Essay on Brothers Under The Skin : Achebe On Heart Of Darkness

Essay on Brothers Under The Skin : Achebe On Heart Of Darkness

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Bruce Fleming’s article, "Brothers under the Skin: Achebe on Heart of Darkness” begins by affirming, “most of Conrad’s time is spent developing the differences between the two groups, rather than their likeness” (91). Fleming mentions Achebe’s claim as Watt did—that Joseph Conrad is racist. However, Fleming says writers in general, “explain one people to another” (95) and “works of literature are nothing but the situations and phrases out of which they are constructed” (98). Literature shows issues, but rarely solves the issues. Yes, Fleming agrees Conrad completely ignored the Natives altogether, but Fleming also thinks Achebe is being a tad hypocritical when calling him a racist. Conrad is not the only author who portrays a problem in a one-sided manner (Fleming 91). Fleming suggests, instead of ridiculing one drawback to a text, like the one-sided point of view, readers must find the meaning in the whole picture to interpret the text.
Florence Ridley approves of Fleming’s suggestion: to consider the whole picture in order to find meaning. Additionally, Ridley thinks Conrad is artfully clarifying that societal and personal issues have two sides: “The story is built upon the balance of opposites, a core of faith versus hollowness, restraint versus its lack, civilization versus savagery, light versus darkness” (49). I agree, although nothing can be simple when reading literature, because one must think about the variety of point of views. You can’t just say “this versus this” and find the center of the story. But what gets me upset by Ridley’s article is that she has the audacity to write, “Conrad was concerned with the process of acquiring understanding of Self” (45). So, H.O.D was written selfishly by Conrad so he could find ex...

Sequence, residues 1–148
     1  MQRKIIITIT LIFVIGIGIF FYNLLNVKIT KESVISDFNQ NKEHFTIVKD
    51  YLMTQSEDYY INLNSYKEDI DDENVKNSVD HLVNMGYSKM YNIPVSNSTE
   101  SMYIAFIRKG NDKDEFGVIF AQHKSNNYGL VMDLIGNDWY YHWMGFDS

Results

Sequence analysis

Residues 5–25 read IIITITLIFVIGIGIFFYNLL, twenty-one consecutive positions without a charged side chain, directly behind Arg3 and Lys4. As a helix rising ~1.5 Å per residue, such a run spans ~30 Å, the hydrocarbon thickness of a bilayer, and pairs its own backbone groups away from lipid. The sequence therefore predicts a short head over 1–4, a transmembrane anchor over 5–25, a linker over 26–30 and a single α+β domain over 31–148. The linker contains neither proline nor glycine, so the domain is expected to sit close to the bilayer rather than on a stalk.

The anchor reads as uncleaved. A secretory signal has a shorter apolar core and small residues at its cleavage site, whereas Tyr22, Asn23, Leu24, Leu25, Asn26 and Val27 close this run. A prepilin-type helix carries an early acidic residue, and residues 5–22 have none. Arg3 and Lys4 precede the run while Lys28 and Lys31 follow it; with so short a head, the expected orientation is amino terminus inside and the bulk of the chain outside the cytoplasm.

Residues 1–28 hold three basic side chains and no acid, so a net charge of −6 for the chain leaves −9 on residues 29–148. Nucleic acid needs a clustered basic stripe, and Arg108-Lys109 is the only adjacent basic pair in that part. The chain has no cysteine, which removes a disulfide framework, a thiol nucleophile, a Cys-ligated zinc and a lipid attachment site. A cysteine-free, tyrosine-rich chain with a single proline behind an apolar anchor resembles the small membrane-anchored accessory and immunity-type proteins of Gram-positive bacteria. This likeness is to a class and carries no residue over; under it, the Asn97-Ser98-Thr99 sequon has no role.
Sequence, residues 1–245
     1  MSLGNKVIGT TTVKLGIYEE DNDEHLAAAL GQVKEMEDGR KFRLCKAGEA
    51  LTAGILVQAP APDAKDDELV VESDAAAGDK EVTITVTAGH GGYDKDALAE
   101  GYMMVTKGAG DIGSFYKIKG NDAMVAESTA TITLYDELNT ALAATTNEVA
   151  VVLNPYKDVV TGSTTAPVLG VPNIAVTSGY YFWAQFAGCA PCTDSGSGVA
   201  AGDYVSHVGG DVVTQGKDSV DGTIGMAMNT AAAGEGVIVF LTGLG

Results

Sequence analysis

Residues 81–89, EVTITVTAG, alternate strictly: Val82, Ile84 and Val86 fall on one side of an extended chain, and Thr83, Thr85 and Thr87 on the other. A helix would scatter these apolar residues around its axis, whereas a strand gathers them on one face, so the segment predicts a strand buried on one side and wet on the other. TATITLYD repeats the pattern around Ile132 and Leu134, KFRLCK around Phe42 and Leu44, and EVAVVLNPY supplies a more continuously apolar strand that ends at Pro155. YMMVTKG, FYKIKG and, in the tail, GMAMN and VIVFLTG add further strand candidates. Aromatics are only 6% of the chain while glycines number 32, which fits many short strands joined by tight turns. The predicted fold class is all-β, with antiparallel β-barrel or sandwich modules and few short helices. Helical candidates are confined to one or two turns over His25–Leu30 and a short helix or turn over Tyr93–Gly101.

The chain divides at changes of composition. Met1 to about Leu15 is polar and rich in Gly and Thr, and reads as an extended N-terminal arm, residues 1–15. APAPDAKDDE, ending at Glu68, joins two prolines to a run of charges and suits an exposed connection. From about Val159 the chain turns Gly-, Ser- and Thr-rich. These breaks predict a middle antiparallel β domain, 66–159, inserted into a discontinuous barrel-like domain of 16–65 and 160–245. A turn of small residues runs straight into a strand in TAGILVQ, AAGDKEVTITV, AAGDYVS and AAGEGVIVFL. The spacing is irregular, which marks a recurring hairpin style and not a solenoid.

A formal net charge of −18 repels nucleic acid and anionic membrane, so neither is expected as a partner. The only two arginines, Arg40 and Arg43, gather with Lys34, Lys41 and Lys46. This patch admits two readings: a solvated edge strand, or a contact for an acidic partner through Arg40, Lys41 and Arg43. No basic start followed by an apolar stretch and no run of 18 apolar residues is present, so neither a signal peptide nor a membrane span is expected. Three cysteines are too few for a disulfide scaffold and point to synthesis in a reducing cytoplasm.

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...rkness will never have a center and readers will never fully know Conrad’s true intentions if one is viewing the text through an impressionism lens. After reading articles about Heart of Darkness, I believe Joseph Conrad knew exactly what he was doing. The novel is so creatively complex and full of uncertainty to be accidental. Do I think Conrad was racist? Yes. But, I also think Conrad was bluntly illustrating the flaws of people who stay in their comfort zones, and the struggles of how humanity establishes moral ethics. I want to end this paper with a quote from Heart of Darkness, which I take as one of the leading themes to the story: “What made this emotion so overpowering was—how shall I define it—the moral shock I received, as if something altogether monstrous, intolerable to thought and odious to the soul had been thrust upon me unexpectedly” (Conrad 64).




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